This is the second in a series of posts written by Abby Howard (Mu) designed to educate our members about Autism and Autism Acceptance.
As an Autistic person, I’d like to pose the question: after fifteen years of “lighting it up blue” what are we raising awareness of? How many of us share blue puzzle pieces on social media claiming to be supporters without knowing the complex history of what that symbolizes?
With greater visibility of Autism after mainstream media exposure, new associations were formed with core missions to find a cure for autism and support the parents of Autistic people. Autism Speaks and Cure Autism were the two most prominent charities until they merged in 2007.
Although Autism Speaks is the biggest charity for Autism in America, it is considered by many to be a deeply flawed organization. Autism Speaks often presents Autism as a tragedy. In this ad campaign, they compared Autism to pediatrics AIDS, cancer, and diabetes. Autism Speaks was widely criticized for not having Autistic people in leadership, so they added John Elder Robinson, a highly regarded Autistic author, to their board. However, after numerous public relations mistakes, John Elder Robinson separated himself from the organization due to their unchanging rhetoric. Autism Speaks undoubtedly gets most of the philanthropic funding for Autism, however only 4% of their budget goes to family grants while the rest funds marketing and research that has often come into ethical question. Autism Speaks does not lead the positive legacy that many would like to believe.
Organizations like Autism Speaks have raised billions of dollars to find a cure for Autism, and every April you may notice Autism Awareness month, complete with blue puzzle pieces and the phrase “Lighting it up Blue.”
But where did this symbolism come from?
Well, the color blue originated from the stereotype that only boys could be Autistic. The puzzle piece originated in Europe, but was adapted by Autism Speaks to represent the belief that something was missing from Autistic children and that they suffered from a puzzling condition. While being the most recognizable symbol for autism, the puzzle piece is offensive to Autistic adults who often believe that being Autistic is integral to who they are and do not desire to be cured. In 2020, Autism Speaks rebranded themselves by adding a small corner of pink gradient to the puzzle piece with a video campaign that centered on “Being Kind.” This resulted in a massive reaction from the Autistic community, as they had felt that their fifteen years of advocacy to end Autism Speaks’ reign had been reduced to being unkind, and that they were being “tone-policed,” which is a common tactic to silence marginalized groups throughout history.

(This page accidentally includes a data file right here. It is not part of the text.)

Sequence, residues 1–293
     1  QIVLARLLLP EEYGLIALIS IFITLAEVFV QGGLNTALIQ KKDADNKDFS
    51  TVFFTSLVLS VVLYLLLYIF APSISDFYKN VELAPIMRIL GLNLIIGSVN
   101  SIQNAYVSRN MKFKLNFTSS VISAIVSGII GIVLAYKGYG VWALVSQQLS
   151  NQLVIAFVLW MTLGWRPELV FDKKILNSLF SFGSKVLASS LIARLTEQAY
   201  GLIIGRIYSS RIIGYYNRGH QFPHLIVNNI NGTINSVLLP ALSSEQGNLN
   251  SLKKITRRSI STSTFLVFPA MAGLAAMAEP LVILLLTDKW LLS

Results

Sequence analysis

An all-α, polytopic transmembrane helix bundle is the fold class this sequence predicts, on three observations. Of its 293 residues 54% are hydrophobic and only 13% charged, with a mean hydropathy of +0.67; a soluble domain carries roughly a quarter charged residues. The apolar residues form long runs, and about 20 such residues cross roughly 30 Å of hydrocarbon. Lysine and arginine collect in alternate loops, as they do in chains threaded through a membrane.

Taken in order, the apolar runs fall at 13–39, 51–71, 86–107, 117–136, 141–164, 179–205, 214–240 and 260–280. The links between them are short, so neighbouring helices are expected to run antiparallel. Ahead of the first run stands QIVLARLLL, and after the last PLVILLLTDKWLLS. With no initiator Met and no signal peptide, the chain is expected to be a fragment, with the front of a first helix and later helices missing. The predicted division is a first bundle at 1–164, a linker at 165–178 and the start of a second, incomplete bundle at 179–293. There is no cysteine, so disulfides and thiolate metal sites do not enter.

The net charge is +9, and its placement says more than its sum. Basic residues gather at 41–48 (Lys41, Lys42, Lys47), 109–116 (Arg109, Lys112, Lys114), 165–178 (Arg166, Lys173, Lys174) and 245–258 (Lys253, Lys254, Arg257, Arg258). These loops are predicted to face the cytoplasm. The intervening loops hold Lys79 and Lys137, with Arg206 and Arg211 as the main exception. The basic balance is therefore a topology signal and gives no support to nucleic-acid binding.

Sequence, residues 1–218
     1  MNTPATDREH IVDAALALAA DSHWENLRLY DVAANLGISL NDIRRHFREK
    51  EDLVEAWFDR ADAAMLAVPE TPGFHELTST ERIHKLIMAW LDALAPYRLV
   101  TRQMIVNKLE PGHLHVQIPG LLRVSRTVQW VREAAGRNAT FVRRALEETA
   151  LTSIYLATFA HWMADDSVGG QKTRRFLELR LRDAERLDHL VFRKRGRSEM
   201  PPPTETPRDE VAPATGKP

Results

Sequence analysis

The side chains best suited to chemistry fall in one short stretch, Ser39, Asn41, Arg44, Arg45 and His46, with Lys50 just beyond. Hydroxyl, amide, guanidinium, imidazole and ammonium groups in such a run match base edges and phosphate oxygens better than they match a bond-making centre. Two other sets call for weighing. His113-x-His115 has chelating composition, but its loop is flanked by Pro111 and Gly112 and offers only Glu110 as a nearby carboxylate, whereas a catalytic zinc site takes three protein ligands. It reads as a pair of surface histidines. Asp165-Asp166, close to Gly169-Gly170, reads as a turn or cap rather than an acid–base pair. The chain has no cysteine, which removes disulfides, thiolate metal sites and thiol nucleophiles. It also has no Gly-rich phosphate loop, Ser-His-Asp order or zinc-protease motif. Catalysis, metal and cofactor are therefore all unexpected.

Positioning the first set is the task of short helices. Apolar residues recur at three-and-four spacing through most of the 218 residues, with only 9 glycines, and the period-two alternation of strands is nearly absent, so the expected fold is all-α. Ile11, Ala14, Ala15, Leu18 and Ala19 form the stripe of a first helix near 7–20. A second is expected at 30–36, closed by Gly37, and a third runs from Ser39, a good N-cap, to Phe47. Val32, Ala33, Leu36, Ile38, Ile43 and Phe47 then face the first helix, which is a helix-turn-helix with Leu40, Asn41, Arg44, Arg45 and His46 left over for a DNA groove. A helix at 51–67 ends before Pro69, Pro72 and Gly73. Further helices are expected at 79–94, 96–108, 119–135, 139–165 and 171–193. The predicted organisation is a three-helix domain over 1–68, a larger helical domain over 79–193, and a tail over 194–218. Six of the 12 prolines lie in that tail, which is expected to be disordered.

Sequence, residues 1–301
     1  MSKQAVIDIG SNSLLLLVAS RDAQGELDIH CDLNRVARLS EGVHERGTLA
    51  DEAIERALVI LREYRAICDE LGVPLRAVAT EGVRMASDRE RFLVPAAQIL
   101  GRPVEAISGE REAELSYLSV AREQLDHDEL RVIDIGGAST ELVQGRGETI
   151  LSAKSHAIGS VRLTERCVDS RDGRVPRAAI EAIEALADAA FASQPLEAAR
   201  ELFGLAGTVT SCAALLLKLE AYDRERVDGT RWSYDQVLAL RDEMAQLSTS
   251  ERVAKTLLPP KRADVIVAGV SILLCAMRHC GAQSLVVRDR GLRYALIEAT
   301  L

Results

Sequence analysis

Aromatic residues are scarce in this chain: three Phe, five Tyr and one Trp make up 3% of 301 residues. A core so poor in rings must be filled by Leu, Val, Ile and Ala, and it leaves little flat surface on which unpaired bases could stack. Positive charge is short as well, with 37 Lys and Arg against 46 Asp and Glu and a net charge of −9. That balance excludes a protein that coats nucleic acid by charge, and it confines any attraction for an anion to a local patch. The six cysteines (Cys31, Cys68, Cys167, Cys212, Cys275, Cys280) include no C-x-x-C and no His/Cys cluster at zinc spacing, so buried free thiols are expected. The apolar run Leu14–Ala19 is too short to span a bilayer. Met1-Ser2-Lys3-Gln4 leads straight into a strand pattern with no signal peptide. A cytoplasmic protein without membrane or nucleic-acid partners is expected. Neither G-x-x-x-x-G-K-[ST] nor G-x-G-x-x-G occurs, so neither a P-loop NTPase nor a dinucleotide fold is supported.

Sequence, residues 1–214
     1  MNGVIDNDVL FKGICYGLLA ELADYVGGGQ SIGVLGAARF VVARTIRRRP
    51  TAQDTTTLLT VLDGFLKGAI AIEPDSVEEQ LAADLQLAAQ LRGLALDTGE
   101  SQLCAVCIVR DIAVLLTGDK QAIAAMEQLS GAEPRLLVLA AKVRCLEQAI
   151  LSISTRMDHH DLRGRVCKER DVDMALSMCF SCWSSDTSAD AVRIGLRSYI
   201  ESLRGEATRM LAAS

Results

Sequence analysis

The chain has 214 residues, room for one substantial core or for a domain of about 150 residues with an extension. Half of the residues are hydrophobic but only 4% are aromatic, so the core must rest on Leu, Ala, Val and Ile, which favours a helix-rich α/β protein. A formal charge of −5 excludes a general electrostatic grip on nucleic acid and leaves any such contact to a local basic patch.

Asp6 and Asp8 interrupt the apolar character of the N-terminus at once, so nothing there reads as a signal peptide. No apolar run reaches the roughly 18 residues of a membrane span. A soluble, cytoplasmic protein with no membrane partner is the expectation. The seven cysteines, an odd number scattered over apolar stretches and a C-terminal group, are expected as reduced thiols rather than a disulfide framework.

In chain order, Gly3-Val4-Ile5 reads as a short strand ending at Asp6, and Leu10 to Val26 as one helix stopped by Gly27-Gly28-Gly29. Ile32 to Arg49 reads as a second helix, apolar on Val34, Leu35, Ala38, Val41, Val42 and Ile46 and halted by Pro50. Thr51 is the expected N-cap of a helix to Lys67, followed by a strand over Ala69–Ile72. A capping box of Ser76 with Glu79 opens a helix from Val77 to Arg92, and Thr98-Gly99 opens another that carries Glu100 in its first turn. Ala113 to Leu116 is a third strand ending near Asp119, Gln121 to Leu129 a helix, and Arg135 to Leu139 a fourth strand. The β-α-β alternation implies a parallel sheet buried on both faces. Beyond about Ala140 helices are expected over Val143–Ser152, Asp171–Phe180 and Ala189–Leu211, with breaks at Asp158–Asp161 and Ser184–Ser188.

Things are changing though. Many caregivers and special education teachers have fought back on the outcry to remove the puzzle piece symbol from schools over the years. And an alternative movement has emerged. This movement is part of the umbrella Neurodiversity movement, which is based on the concept created by Judy Singer that with billions of brains in the world, not every brain will be the same. The two largest groups represented in this movement are ADHD and Autism, but it’s also inclusive of dyslexia, mental illness, and various learning disabilities. This movement is led by people who actually have these conditions, and they spend their lives educating professionals on how to better serve neurodivergent individuals. The symbol for Neurodiversity is a rainbow infinity loop, while the specified symbol for Autism is a gold infinity loop. And instead of using blue, the preferred colors associated with Autism is red, taupe, or gold to show respect for the history of girls in the Autism movement. Organizations led by Autistic people, like the Autistic Self Advocacy Network and the Autistic Women and Nonbinary Network, have emerged to begin a new chapter in representation for Autistic people. Today, more steps are being taken to ensure that there is “nothing about us without us”, a common rallying cry from the larger disability civil rights movement.
Now that we’ve learned more about the symbolism associated with the Autism acceptance movement, there are still steps we can take toward better supporting Autistic people, specifically in Greek Life. Come back next week for more on how Greek Life, and Omega Phi Alpha specifically, can commit to becoming a welcoming venue for Autistic people.
About Abby Howard
Abby Howard has been a member of Omega Phi Alpha since Fall 2014. While her home chapter is Mu Chapter at Middle Tennessee State University, she now serves as a faculty advisor to Phi Chapter at Arizona State University. Abby holds a Bachelor’s degree in Communication and a Master of Education degree in Higher Education Administration focusing on Universal Design in Higher Education. Abby is currently completing a Master’s degree in School Counseling with a specialization in Neurodiversity Affirmative Therapy and serves as a Specialist in Student Accessibility and Inclusive Learning Services at Arizona State University. As a nationally award-winning public speaker, Abby uses her skills to coach competitive high school speech and debate.